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    #1

    “credit off-off-balance-sheet”

    "In trying to prevent off-balance-sheet lending, regulators may push credit off-off-balance-sheet." http://www.economist.com/node/18118975

    What does "push credit off-off-balance-sheet" mean here?


    Does it mean "regulators may raise banks' leverage of lending to allow them to lend more money (posted in the balance sheet) to each other to prevent off-balance-sheet lending (or shadow banking activities)?"


    Your help will be appreciated.
    Last edited by michael147; 18-Aug-2013 at 23:47.

  1. konungursvia's Avatar
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    #2

    Re: “credit off-off-balance-sheet”

    It's about unofficial loans using state bank money, awarded to friends without proper collateral or credit checks, and/or without proper record-keeping. "Off-off" is a phrase I couldn't see in the article at the time I viewed it. Maybe it was an error that has been corrected.

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    #3

    Re: “credit off-off-balance-sheet”

    Quote Originally Posted by konungursvia View Post
    It's about unofficial loans using state bank money, awarded to friends without proper collateral or credit checks, and/or without proper record-keeping. "Off-off" is a phrase I couldn't see in the article at the time I viewed it. Maybe it was an error that has been corrected.
    It is in the article. Para.6. "off-off" is a double negative?

  2. probus's Avatar
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    #4
    The double negative is intentional and correct. Whereas up to now these loans have been off-balance-sheet, that is, not shown on the firm's balance sheet, now they may be forced off that status, in other words onto the balance sheet where they belong in the writer's opinion.
    Last edited by probus; 19-Aug-2013 at 03:41.

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    #5

    Re: “credit off-off-balance-sheet”

    Quote Originally Posted by probus View Post
    The double negative is intentional and correct. Whereas up to now these loans have been off-balance-sheet, that is not shown on the firm's balance sheet, now they may be forced off that status, in other words onto the balance sheet where they belong in the writer's opinion.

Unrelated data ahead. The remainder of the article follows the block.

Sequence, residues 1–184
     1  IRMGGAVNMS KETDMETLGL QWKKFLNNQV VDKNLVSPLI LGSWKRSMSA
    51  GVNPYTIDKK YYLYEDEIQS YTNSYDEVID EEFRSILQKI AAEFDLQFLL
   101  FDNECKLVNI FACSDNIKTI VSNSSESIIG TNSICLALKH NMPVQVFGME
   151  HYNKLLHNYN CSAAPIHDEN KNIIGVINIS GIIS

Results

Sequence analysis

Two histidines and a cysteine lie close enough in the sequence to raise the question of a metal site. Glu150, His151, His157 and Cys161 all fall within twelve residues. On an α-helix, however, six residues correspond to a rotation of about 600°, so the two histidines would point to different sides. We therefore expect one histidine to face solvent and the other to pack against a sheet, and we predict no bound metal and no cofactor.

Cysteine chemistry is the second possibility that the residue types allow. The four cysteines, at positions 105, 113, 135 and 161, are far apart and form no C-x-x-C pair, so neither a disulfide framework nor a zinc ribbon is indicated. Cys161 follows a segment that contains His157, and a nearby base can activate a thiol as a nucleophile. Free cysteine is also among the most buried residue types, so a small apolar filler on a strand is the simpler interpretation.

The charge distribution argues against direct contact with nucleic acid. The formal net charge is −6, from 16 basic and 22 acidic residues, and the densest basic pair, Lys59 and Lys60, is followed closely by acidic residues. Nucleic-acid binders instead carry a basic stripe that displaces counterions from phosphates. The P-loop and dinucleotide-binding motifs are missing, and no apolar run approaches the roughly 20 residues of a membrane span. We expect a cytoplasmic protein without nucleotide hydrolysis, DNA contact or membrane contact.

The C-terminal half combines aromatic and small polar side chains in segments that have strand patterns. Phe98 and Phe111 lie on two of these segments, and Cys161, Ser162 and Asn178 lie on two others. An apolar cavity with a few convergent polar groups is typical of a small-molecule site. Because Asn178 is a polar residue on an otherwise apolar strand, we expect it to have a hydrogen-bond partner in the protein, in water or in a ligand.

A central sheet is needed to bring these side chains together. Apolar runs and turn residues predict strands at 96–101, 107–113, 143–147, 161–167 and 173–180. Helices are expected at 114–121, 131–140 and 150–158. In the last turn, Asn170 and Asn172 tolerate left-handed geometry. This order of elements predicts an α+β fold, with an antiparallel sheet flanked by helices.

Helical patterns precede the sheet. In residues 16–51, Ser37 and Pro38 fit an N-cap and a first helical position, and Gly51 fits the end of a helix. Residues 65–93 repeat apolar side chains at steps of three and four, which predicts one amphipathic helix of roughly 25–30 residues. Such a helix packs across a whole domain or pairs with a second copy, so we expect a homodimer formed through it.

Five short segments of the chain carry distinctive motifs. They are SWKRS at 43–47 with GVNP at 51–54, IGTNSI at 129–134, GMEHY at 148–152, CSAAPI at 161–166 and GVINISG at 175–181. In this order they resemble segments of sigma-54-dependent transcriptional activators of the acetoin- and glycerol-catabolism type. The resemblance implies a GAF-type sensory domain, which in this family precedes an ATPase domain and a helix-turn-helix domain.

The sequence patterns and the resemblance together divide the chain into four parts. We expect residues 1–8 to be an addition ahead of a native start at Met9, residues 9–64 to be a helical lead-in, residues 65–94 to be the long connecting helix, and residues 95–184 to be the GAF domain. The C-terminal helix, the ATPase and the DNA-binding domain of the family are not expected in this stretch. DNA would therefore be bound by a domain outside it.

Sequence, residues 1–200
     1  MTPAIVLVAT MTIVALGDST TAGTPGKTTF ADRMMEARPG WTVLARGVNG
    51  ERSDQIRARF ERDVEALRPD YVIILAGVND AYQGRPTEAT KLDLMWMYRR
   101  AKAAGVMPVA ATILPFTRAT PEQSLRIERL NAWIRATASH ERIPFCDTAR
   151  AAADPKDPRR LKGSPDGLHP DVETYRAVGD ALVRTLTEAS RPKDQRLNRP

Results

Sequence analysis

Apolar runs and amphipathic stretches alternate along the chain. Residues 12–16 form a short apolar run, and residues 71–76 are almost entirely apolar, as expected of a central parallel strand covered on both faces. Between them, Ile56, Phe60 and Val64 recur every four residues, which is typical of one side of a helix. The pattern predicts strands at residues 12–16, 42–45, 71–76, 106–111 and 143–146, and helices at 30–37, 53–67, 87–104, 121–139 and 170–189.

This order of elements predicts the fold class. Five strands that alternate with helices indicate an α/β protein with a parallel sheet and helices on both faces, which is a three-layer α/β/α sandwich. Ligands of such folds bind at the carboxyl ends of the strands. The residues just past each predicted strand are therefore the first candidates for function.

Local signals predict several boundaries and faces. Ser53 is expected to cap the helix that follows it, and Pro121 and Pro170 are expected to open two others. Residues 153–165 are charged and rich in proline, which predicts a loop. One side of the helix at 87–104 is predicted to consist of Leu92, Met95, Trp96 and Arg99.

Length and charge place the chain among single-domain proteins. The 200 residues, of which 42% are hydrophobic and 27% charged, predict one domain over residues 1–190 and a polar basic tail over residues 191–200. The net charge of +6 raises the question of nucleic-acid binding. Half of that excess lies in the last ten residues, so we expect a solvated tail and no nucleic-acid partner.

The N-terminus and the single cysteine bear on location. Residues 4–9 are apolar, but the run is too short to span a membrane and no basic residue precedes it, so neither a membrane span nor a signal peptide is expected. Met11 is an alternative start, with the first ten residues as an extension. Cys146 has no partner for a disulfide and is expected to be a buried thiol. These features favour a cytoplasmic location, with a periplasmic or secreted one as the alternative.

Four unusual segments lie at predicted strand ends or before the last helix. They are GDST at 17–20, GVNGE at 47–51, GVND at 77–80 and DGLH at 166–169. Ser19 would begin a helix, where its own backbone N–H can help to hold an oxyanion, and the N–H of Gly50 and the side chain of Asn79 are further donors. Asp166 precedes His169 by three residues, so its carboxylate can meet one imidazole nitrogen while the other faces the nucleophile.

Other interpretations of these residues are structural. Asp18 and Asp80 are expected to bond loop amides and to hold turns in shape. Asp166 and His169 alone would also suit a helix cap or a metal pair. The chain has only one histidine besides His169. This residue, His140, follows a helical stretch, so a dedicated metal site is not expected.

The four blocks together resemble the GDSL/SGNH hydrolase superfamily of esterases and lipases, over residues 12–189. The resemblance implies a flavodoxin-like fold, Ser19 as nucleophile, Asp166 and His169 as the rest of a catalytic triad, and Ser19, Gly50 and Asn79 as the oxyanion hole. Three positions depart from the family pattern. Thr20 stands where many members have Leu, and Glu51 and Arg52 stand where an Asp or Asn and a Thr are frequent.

Thank you. I get it now.

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    #6

    Re: “credit off-off-balance-sheet”

    Your appreciation is welcome but there is no need to write a new post to say thank you or to quote our replies back to us. Simply click on the Like button on any posts you found helpful. It means that we don't have to open the thread again to read your new post and then find that it doesn't include any new information or an additional question.




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    #7

    Re: “credit off-off-balance-sheet”

    Quote Originally Posted by probus View Post
    The double negative is intentional and correct. Whereas up to now these loans have been off-balance-sheet, that is, not shown on the firm's balance sheet, now they may be forced off that status, in other words onto the balance sheet where they belong in the writer's opinion.
    I think it may mean something different- in trying to stop off-balance-sheet lending, they may not achieve the aim of bringing the loans onto the balance sheet as people may seek other sources of credit - the unregulated lenders - so the loans go further off the radar.

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    #8

    Re: “credit off-off-balance-sheet”

    Quote Originally Posted by Tdol View Post
    I think it may mean something different- in trying to stop off-balance-sheet lending, they may not achieve the aim of bringing the loans onto the balance sheet as people may seek other sources of credit - the unregulated lenders - so the loans go further off the radar.
    I agree. I think the first hyphen is a mistake:

    In trying to prevent off-balance-sheet lending, regulators may push credit off (= way from) off-balance-sheet."

  4. probus's Avatar
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    #9
    Having (belatedly) read the whole piece I agree with Rover, Tdol and 5jj. Off-off here means even farther off. If I were the editor of The Economist I would have changed the phrase for clarity.

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